Release: Leostream Virtual Desktop Connection Broker 1.0

Adhering VMware Virtual Desktop Infrastructure (VDI) Alliance Leostream launches a new product: Virtual Desktop Connection Broker.

The products features are:

  • Single Sign-On
    The Leostream Connect agent that runs on the end user’s Windows XP desktop provides single sign-on and sign-off. So the user simply enters their username and password into the Leostream Connect interface and presses Connect, and shortly after they are auto-logged into the remote Windows session
  • Virtual Desktop Pooling
    Desktops can be organized into groups or “pools” using a sophisticated, automated, labeling system. Once labeled they can be assigned to users according to that user’s group membership as defined by the external authentication server
  • Virtual Desktop Failover
    Leostream checks the state of a Virtual Desktop before assigning, or re-assigning, it so if a VM fails then it is automatically replaced by another from the same pool
  • Session Stickiness
    The assignment of a particular Desktop to a user can be permanent, or just for a preset period of time
  • Native RDP Client Support
    Leostream integrates with the native Microsoft RDC client rather than the browser or Java-based versions; this enhances performance and ensures compatibility with Microsoft Vista
  • Thin Client Support
    Tight integration with thin clients such as the Wyse S10 enable a seamless end-user experience
  • Multi-Protocol Support
    Remote desktop protocols supported include: Microsoft’s RDP, Citrix’s ICA, VNC, and VMware Remote Viewer – enabling the use of operating systems that do not support RDP
  • Policy Base Session Variables
    Session variables such as screen size, disk re-direction, and remote printing can be set with each access Policy
  • Secure Access
    Authentication and RDC session can be secured using SSL certificates – ensuring data security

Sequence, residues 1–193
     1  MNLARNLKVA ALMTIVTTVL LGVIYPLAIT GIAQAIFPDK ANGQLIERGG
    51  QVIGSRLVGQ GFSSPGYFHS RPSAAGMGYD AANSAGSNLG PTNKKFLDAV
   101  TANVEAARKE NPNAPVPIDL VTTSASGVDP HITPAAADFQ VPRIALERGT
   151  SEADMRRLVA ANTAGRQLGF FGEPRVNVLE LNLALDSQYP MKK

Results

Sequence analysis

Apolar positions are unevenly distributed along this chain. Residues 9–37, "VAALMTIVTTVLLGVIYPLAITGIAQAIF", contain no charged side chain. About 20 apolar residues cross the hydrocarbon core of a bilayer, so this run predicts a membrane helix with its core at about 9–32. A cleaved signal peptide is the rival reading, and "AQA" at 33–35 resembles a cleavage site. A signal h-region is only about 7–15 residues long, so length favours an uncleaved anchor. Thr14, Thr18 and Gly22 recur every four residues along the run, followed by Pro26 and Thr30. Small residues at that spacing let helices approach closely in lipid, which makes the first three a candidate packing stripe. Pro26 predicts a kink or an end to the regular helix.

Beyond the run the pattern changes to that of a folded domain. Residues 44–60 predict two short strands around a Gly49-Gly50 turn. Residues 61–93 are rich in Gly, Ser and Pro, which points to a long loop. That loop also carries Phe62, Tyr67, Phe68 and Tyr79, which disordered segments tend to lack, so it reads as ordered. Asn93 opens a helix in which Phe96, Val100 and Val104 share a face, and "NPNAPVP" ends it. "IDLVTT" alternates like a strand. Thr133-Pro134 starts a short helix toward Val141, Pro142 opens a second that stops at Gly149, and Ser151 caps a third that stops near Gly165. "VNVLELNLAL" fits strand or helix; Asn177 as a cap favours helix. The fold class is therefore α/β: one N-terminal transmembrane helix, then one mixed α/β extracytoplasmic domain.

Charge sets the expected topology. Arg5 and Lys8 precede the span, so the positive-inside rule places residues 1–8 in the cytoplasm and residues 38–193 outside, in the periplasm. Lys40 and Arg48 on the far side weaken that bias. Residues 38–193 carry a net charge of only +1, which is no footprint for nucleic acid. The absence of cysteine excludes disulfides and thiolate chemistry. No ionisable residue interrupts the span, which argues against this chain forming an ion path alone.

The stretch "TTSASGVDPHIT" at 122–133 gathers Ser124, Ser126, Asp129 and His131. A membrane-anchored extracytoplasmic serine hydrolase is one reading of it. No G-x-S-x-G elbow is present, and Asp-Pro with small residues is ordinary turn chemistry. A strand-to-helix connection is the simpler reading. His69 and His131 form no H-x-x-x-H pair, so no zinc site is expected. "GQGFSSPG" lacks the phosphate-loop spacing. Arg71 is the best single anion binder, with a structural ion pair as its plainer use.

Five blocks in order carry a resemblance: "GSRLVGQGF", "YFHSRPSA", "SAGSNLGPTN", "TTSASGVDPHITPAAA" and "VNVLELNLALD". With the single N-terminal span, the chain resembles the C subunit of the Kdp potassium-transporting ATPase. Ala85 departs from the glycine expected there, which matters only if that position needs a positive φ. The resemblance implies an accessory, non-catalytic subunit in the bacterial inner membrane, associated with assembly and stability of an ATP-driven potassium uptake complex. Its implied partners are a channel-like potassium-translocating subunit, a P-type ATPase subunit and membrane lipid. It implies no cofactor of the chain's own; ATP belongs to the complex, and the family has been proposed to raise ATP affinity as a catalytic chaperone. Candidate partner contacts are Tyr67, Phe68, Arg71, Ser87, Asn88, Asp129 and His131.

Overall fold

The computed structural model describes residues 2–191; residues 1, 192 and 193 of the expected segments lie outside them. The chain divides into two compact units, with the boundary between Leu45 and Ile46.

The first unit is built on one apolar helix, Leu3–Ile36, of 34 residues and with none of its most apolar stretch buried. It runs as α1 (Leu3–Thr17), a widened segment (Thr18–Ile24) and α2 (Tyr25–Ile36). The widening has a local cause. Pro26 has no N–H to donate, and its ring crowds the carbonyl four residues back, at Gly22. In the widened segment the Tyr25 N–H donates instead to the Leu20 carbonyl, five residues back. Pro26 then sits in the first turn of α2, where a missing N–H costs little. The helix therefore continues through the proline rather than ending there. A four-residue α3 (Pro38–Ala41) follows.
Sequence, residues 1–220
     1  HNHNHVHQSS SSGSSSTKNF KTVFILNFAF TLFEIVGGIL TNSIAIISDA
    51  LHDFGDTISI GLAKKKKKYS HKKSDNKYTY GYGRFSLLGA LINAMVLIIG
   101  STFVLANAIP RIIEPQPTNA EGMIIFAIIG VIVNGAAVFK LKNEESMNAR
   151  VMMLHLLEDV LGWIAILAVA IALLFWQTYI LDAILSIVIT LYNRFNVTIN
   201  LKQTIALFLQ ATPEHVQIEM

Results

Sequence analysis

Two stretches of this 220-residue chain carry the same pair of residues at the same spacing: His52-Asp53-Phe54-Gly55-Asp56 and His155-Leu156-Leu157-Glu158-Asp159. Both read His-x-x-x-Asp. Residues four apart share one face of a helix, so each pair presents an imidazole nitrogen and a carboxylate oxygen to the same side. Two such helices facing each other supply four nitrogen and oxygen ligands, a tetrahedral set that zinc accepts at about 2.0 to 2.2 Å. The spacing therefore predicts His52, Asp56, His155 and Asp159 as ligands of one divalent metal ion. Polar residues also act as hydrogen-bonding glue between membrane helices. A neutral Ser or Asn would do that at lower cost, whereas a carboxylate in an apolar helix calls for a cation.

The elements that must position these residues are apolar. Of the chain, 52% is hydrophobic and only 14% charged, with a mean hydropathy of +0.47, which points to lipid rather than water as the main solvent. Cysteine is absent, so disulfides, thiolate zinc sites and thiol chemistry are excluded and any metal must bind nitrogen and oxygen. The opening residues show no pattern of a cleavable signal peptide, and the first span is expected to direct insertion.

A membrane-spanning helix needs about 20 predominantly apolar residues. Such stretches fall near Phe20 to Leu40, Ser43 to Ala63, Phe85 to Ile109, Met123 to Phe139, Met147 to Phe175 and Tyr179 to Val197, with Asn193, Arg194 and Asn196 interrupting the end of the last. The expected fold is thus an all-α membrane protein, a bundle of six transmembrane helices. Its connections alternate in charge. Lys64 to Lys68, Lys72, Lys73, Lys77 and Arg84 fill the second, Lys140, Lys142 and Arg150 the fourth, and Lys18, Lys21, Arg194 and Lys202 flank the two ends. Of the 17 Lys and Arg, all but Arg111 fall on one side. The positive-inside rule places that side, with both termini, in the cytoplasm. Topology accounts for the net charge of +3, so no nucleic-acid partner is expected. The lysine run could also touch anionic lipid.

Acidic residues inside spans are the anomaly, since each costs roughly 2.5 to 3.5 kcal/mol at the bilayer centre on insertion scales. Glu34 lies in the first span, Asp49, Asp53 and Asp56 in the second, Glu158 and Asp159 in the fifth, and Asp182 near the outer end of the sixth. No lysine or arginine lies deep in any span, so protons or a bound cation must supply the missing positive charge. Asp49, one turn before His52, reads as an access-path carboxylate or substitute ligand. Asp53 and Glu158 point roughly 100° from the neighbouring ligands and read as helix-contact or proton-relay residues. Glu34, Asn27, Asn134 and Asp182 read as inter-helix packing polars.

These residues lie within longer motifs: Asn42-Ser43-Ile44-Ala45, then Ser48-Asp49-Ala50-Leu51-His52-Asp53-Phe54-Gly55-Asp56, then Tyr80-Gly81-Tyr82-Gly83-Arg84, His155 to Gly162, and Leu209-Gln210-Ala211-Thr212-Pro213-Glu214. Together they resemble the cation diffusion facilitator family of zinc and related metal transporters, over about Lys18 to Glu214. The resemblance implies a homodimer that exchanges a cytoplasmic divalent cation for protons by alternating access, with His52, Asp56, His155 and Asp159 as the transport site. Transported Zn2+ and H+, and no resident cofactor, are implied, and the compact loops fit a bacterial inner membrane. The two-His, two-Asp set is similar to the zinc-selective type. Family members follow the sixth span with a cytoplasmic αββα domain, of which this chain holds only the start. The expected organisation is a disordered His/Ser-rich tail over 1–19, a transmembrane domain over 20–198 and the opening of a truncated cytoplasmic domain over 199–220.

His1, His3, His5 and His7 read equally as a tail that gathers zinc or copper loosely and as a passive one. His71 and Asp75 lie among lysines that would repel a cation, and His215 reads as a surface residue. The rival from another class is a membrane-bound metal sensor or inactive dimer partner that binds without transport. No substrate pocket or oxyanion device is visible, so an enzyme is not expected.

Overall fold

• Dynamic Management of Virtual Machine State
    The VM state can be automatically changed when assigned and un-assigned, so allowing unused VMs to be kept in a powered-off state economizing both licensing and hardware utilization
  • Virtual Hosted Desktop Self-Service
    Users can browse a catalog of Virtual Machines, select one and then request a copy. Each request must then be approved by a supervisor before being created and assigned to that user. The created VMs can be set to expire at a certain date, after which only a Administrator can bring them back into service, and finally they can be set to be deleted on a particular date
  • Monitoring and Reporting
    Real-time monitoring of RDC sessions, and reporting via email and SNMP
  • External Authentication
    Users can be authenticated and profiled using Active Directory or LDAP servers without a schema change
  • User Activity Monitoring and Logging
    User status is displayed, user activity is logged, and users can be logged out of the system, so providing a central view of all user activity
  • Virtual Appliance Format
    The Connection Broker is distributed as a Virtual Appliance so it can be rapidly set up, duplicated, moved, and backed- up. It requires a minimum of 1.5G of Memory, and bridged network connectivity. CPU utilization is dependent on the Connection Broker load and will require between 1/10 and all of a 2GHz Xeon processor
  • Scalability
    The Connection Broker manages multiple VMware VirtualCenters. The maximum deployment sizes are:

    • 7,000 VMs per VirtualCenter
    • 1024 VirtualCenters per Connection Broker
    • 50,000 VMs can be managed per Connection Broker

Watch a demo here.

The Virtualization Industry Roadmap has been updated accordingly.